I think that the artistic director was very brave for producing Las Meninas. It is always a struggle as an African-American writer to find a home. I mean, there is a reluctance to produce our work because it is unfamiliar. So there is a Catch-22. Our stories are not familiar because they won’t be produced; our stories won’t ever become familiar if we can’t be produced. It’s an ongoing struggle.

“There are things that work beautifully on a page as literature, but have no dramatic life.”


LYNN NOTTAGE: Intimate Apparel is a deceptively simple play about a seamstress at the turn of the century who sews intimate apparel for prostitutes and ladies on Fifth Avenue. It’s an exploration of race and class in America. And desire and hope.

Q: Is this a family story?

LYNN NOTTAGE: It is, and it isn’t. I had a great-grandmother who was a very talented seamstress. She specialized in creating intimate apparel for ladies. I was always fascinated by that—this very religious women creating kinky lingerie. The story is simple. Begins with a woman, Esther, who sews intimate apparel. She connects with many people in her life, but has no intimacy. She very much wants to touch someone. And I don’t mean physically. I mean emotionally and spiritually. And she finds it in this person named George Armstrong, a laborer in the Panama Canal who is very lonely. They begin corresponding. Neither of them reads or writes, so they go outside themselves to help create illusions of who they are, to connect.

Q: What is the process by which something you write becomes something that works onstage?

LYNN NOTTAGE: A play exists as a literary form until the first moment you sit down in a rehearsal room and allow a group of actors to read it. Then it becomes a dramatic form. During the rehearsal process, you make discoveries because there are things that work beautifully on a page as literature, but have no dramatic life.

In the case of my play Intimate Apparel, I had spent about a year and a half at the New York Public Library researching the play, trying to discover the textures of 1905 and to be true to that. And in that process of writing, I tried to capture as much of the essence of the time as possible. I discovered a lot of that historical data was not necessary. Just through the writing and the way the characters interacted, the period came through. And that is something I could not have known just reading the play on the page. It is something that I discovered once those words were interpreted through an actor.

Intimate Apparel premiered at Central Stage in Baltimore in February, 2003. It is rare to find a theater that gives you a grant, then once you finish, they are committed to produce the play. I find it so often as an African-American woman writer. Theaters give you a commission by way of raising grant money for themselves without the intention of ever producing your play. So you find yourself trapped in this “Development Hell.” You are trapped with these plays that never get produced. So it is good, finally, moving through that and getting a production.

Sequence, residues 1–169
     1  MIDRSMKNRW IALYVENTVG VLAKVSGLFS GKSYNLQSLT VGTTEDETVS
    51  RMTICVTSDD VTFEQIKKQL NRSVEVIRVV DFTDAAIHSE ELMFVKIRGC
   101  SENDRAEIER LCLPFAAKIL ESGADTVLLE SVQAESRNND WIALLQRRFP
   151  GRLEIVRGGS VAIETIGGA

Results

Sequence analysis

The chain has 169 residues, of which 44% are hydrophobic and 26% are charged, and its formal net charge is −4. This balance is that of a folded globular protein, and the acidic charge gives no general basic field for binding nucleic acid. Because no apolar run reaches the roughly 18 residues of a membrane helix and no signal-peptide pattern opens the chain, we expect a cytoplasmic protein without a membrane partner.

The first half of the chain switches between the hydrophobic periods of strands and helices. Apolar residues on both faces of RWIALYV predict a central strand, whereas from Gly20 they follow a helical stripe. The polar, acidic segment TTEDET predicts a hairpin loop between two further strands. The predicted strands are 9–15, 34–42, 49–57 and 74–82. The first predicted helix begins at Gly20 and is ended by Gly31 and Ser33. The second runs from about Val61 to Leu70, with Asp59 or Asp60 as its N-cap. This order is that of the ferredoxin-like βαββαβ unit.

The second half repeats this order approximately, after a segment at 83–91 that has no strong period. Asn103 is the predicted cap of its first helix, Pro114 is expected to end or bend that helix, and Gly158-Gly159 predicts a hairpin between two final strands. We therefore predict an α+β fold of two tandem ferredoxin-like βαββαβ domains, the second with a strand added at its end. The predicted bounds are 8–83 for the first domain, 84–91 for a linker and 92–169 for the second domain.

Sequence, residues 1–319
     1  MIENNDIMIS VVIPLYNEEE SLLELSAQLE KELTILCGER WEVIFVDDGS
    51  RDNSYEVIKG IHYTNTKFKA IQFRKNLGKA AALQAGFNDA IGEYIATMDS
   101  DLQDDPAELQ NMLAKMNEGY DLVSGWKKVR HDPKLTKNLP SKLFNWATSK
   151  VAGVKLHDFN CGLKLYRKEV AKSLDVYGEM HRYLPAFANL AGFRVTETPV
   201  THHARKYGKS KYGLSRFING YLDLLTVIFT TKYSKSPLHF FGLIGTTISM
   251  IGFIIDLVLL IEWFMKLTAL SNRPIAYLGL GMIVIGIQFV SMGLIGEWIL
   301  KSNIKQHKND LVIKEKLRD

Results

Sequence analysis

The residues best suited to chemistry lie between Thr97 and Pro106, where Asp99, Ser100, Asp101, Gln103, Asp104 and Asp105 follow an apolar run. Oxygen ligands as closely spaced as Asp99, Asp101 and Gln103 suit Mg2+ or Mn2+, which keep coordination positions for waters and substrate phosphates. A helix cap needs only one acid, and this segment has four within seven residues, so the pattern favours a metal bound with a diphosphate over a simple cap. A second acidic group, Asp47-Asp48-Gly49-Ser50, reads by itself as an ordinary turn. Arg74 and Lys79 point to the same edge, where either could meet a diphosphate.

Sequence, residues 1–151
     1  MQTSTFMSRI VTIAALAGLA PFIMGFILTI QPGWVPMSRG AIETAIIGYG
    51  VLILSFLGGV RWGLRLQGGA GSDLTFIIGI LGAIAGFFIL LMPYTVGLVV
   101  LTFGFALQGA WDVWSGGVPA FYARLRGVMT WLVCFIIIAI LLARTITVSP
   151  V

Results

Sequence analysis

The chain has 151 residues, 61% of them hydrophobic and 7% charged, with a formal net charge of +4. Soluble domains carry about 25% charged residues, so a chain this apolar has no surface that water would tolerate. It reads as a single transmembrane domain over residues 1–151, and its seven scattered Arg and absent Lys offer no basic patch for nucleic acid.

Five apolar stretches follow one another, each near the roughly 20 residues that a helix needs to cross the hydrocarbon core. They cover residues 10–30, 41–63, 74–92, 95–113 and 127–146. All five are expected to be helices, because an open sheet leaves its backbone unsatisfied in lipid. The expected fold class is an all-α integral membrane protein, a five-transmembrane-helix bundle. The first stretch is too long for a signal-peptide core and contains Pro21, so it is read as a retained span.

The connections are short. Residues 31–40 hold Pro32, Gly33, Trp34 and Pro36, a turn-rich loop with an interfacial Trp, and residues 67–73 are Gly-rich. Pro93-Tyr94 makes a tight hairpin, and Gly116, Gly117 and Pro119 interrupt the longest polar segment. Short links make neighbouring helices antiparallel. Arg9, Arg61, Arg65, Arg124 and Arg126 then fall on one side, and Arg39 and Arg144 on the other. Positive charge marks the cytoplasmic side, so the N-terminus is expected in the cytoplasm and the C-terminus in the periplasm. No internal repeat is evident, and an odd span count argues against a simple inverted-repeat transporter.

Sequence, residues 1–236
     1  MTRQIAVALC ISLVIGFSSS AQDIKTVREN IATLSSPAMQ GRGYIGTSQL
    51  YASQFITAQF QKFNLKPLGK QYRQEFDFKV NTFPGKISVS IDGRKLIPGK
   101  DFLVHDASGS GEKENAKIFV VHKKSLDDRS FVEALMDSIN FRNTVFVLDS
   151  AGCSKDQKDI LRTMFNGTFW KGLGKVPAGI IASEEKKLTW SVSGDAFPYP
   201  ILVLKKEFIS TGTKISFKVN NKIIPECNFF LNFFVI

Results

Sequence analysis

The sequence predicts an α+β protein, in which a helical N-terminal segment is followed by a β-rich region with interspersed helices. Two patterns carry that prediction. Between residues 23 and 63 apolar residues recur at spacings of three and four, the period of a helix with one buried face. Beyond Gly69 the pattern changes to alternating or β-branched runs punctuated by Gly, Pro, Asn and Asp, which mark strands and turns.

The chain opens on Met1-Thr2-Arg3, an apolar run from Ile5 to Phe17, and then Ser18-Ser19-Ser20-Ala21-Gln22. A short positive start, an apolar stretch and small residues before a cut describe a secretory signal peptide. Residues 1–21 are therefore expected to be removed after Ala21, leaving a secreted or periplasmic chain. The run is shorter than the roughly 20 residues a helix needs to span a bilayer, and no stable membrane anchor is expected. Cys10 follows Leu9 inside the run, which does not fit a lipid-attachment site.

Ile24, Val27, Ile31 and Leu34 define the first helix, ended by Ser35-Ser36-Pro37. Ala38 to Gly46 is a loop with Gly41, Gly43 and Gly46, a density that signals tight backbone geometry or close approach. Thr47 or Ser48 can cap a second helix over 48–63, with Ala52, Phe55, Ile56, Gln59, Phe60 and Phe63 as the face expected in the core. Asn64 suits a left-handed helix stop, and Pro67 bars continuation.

Q: Why is it important to hear the voices of African-American women writers?

LYNN NOTTAGE: I think that the African-American woman’s voice is important because it is part of the American voice. But you would not know that by looking at TV or films. You would think that we do not exist. And part of my mission as a writer is to say, “I do exist. My mother existed, and my grandmother existed, and my great-grandmother existed, and they had stories that are rich, complicated, funny, that are beautiful and essential." And the stories have become the myth of America. There are folk tales brought over from Africa that find, many years later, they are on television as Bugs Bunny. I want people to know that my story, that of the African-American woman, is also the American story.

Q: What lies down the road?

LYNN NOTTAGE: That is such a complicated question. Just when I am feeling optimistic about the future of the African-American writer, I look at the theater season and see we are not present. But I hope that we will be embraced. I think we will be embraced when people begin demanding to hear the work. People are not demanding the work because they don’t know that it is there. We are here and present and writing wonderful stories. We have this unique voice, and we have these stories that have not been told.